"Nothing," said the Willy-wagtail. "The Boy who would throw a cap would throw a stone. Do nothing at all for him."

"I'll sing for him," said the Goldfinch.

"I'll teach him what the Birds say," said the Crow.

"If he knew the Language of the Birds he would be like King Solomon," said the Raven.

"Let us make him like King Solomon," said the Goldfinch.

"Yes, yes, yes," said all the Birds in the King's Garden.

The Boy had not gone far when the Crow flew after him and lighted on his shoulder. The Crow spoke to him in the Boy's own language. The Boy was surprised. The Crow flew to a standing stone and went on speaking plain words to him.

"O," said the Boy, "I didn't know you could speak?"

"Why shouldn't I know how to speak," said the Crow, "haven't I, for a hundred years and more, been watching men and listening to their words? Why shouldn't I be able to speak?"

"And you can speak well, ma'am," said the Boy, not forgetting his manners.

"You know one language, but I know many languages," said the Crow, "for I know what People say, and I know what all the Birds say.

The old Crow sat there looking so wise and so friendly that the Boy began to talk to her at his ease. And after a while the Boy said "Ma'am, do you think I could ever learn what the Birds say?"

"You would, if you had me to teach you," said the Crow.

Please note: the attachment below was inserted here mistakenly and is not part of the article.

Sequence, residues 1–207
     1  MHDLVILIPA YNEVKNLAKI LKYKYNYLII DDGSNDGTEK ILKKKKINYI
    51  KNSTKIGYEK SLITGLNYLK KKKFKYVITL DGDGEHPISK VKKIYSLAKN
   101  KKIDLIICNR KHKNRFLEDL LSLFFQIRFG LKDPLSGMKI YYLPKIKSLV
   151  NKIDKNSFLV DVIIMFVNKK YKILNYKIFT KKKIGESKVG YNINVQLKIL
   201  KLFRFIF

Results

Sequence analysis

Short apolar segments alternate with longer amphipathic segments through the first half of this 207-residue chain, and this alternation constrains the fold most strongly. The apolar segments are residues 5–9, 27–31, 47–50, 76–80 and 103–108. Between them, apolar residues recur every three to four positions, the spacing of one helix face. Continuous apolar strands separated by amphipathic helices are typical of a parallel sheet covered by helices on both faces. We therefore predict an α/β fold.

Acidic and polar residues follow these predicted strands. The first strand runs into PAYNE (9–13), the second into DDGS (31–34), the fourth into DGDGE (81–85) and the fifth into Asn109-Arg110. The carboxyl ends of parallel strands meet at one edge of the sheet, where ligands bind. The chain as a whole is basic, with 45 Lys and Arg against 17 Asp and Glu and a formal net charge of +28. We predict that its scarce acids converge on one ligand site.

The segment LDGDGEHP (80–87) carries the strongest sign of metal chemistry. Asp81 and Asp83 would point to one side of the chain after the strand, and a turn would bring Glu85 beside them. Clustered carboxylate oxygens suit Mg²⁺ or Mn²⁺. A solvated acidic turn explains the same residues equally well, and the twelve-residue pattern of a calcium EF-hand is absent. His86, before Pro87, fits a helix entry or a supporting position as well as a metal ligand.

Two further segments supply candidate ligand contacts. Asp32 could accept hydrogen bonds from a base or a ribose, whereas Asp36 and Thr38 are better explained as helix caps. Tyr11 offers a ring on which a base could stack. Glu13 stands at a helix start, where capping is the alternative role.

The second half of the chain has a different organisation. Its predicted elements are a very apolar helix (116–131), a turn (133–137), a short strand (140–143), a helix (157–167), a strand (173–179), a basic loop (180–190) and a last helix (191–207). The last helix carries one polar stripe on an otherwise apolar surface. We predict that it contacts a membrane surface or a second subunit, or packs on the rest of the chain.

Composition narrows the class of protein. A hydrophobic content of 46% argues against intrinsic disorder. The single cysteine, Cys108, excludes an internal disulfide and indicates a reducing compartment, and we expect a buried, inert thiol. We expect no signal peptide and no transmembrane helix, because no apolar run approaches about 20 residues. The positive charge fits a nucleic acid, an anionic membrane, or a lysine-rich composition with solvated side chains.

"And will you teach me, ma'am?" said the Boy.

"I will," said the Crow.

Then every day after that the Crow would sit upon the Standing Stone and the Boy would stand beside it. When the Crow had eaten the boiled potato that the Boy always brought she would tell him about the languages of the different Birds. The two were teaching and learning from day to day, and indeed you might say that the Boy went to school to the Crow. He learnt the language of this Bird and that Bird, and as he learnt their languages, many's and many's the good story he heard them tell each other.



Robinson Crusoe Written Anew for Children  by James Baldwin

I Get Ready for Winter

I WAS so much pleased with the valley I had discovered that I spent much of my time there.

At last I built me a small summer house close by a grove of orange trees.

It was but little more than a bower, made of the branches of trees.

I built a strong fence around it. This was made of two rows of tall stakes with brushwood between.

There was no gate in this fence, but only a short ladder, just as at my castle.


Here I sometimes stayed two or three nights together.

I gathered about two hundred clusters of grapes and hung them up to dry. In due time they made the finest of raisins. I took them down and carried them to my castle.

Thus little by little I gathered food for winter.

The winters there were not cold. But the rain fell every day, and often all the day.

I had just finished my bower, and was beginning to enjoy myself when the rainy season, or winter, began.

What could I do but hurry back to my castle and its dry, warm cave?

For weeks I could not stir out without getting wet. My store of food began to grow small.

One day, in spite of the rain, I went out and killed a goat. The next day I found a very large turtle among the rocks.

This was all good luck, for I had now enough to eat for many a day.

My meals were simple and plain.

For breakfast, I had a bunch of raisins and a bit of biscuit.

For dinner, I had broiled turtle. I could not have turtle soup, for I had no vessel in which to cook it.

For supper, I ate two or three turtle's eggs.